That, anyway, was the reflection of a football man not without certain achievement, one who was already facing again the need to build a fourth team carrying his signature. It is, of course, the tyranny that football sooner or later imposes on everyone, this requirement to make a new side. Maybe Guardiola knows it well enough – and was yesterday merely delaying the end of a charmed existence.
Gridiron now offers road out of the ghetto
There are many reasons for the dispiriting decline of heavy-weight boxing as a front-rank spectacle and we were reminded of one of them yesterday when the Seattle Seahawks made Bruce Irwin the 15th pick in the first round of the National Football League draft.
Irwin is a people-eating defensive end who made his name with the University of West Virginia. He covers the ground at such a bewildering rate that some of his team-mates gave him the pet name cheetah. He was also the waking nightmare of college football's most upwardly mobile quarter-backs.
Yet when you look into his background as a lawless youth on the streets of Atlanta, and note that last month he was charged with the destruction of property and disorderly conduct, you know precisely where Bruce Irwin's athletic prowess and power would have been directed a mere 20 years ago. It would have been into the ring. Now there are other roads out of the ghetto, which is good news for disenfranchised street kids and maybe a theme for an emerging cabaret star named Mike Tyson.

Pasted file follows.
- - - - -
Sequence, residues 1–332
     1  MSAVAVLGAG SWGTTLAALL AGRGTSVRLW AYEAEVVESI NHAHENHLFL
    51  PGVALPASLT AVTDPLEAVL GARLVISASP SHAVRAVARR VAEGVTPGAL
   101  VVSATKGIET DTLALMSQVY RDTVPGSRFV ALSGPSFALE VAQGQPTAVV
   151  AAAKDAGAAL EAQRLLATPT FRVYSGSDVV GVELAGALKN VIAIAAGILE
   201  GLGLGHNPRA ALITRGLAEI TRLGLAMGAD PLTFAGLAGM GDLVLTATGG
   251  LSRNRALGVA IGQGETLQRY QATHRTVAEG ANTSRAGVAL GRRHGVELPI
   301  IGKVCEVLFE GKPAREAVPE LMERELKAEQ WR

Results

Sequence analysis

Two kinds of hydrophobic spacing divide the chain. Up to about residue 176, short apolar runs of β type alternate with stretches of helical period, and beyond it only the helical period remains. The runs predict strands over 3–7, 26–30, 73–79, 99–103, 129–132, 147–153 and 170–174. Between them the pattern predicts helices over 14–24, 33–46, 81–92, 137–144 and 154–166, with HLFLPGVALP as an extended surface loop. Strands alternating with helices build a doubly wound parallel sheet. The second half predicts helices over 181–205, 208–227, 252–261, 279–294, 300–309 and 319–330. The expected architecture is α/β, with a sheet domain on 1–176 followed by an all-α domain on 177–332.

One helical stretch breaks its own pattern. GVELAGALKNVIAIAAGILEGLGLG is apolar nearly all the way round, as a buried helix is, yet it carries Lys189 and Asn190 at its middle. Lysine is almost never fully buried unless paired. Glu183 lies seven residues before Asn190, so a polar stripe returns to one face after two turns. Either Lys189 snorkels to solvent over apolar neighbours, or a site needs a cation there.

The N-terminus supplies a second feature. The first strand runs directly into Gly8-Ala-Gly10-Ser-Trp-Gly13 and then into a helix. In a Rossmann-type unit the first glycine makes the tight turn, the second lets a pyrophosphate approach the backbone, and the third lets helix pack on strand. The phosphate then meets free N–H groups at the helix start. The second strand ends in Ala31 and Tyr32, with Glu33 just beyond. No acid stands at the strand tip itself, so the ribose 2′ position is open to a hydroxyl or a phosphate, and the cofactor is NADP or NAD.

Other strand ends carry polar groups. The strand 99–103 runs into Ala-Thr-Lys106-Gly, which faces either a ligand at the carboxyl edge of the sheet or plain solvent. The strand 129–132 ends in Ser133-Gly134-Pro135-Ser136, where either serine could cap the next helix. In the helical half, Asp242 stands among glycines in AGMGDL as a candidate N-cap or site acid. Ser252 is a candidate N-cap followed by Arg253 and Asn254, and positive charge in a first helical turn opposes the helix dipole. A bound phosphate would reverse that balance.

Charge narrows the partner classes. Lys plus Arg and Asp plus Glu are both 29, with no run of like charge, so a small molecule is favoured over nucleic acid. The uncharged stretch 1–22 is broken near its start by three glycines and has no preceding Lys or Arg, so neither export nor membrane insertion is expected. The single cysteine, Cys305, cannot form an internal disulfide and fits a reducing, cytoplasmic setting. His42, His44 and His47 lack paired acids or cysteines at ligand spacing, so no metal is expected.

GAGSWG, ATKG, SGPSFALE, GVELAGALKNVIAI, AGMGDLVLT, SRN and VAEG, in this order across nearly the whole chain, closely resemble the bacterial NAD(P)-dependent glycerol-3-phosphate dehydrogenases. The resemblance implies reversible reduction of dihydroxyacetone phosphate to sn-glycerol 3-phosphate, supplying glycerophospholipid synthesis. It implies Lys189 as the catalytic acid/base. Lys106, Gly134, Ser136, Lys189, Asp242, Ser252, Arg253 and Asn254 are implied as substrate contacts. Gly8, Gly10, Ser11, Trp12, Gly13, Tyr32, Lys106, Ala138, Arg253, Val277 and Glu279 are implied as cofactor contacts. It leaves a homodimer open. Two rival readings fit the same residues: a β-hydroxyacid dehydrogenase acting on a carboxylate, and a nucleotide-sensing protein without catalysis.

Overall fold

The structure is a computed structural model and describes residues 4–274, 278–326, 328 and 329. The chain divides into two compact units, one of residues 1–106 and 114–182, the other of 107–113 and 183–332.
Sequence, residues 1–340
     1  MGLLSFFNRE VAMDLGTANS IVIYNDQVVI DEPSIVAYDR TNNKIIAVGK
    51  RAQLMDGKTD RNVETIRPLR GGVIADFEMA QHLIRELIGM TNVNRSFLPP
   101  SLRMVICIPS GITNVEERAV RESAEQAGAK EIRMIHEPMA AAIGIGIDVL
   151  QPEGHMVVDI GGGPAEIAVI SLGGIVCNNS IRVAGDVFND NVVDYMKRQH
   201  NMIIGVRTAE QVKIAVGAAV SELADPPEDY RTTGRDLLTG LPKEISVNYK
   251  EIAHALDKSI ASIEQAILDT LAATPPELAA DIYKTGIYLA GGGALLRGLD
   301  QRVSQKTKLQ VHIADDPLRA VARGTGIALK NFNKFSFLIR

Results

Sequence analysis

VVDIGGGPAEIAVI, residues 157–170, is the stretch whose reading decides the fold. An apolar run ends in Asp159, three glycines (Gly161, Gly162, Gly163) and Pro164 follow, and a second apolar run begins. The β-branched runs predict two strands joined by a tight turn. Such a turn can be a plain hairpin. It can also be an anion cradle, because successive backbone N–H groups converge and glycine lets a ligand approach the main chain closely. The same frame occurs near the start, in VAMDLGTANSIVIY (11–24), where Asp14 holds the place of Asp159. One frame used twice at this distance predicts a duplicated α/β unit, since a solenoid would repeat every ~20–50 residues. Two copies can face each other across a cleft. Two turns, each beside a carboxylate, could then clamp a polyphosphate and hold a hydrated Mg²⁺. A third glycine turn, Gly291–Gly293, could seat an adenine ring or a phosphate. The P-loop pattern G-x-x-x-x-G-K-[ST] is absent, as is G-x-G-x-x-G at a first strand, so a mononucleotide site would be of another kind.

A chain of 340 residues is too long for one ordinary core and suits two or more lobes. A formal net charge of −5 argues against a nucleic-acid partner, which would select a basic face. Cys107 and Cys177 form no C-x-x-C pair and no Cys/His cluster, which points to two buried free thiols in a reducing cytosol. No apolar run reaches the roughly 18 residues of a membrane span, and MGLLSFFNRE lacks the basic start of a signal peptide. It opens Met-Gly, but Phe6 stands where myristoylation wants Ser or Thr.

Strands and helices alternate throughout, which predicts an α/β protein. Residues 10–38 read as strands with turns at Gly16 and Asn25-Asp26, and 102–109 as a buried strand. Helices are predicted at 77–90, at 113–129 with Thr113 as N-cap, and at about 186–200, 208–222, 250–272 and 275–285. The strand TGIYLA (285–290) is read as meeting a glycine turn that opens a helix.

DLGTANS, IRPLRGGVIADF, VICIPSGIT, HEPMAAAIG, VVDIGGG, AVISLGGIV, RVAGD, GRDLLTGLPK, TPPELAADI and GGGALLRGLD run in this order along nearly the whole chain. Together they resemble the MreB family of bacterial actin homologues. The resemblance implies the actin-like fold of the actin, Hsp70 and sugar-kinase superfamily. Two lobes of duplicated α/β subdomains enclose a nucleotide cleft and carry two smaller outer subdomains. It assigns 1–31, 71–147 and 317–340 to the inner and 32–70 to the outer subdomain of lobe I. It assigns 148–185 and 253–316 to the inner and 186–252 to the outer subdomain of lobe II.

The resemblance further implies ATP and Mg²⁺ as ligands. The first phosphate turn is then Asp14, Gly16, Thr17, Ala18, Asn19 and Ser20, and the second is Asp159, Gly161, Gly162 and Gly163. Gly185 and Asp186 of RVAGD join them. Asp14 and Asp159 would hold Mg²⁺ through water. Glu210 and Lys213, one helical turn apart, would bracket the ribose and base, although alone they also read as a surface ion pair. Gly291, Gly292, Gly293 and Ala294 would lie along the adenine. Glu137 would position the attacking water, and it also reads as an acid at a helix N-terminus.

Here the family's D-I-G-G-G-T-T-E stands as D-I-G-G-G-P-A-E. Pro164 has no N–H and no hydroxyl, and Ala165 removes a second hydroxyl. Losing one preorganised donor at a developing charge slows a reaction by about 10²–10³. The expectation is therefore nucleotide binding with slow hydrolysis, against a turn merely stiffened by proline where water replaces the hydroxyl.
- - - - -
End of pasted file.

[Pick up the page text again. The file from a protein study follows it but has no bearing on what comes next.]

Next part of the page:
Terry would do better to sit in the shadows
While Uefa says that John Terry will be permitted to raise up the Champions League trophy if his Chelsea team-mates, for a second time, overcome their captain's absence from the field, the Premier League has absolved Anton Ferdinand from the need to shake hands with the man he accuses of racial abuse.
When you also remember the division he caused before the last World Cup, and that England are still without a manager so close to the European Championship partly because of Fabio Capello's stand on Terry's behalf, it is not easy to quantify the disruptive impact of a man who has been so well rewarded by the game he professes to love.
One thing is certain. It is that Terry, who has of course provided superb service to Chelsea down the years, might retrieve some respect if he said that in Munich nothing would become him more than the lowest possible profile. He should think about it more carefully than he has so many things in his too often self-destructive life.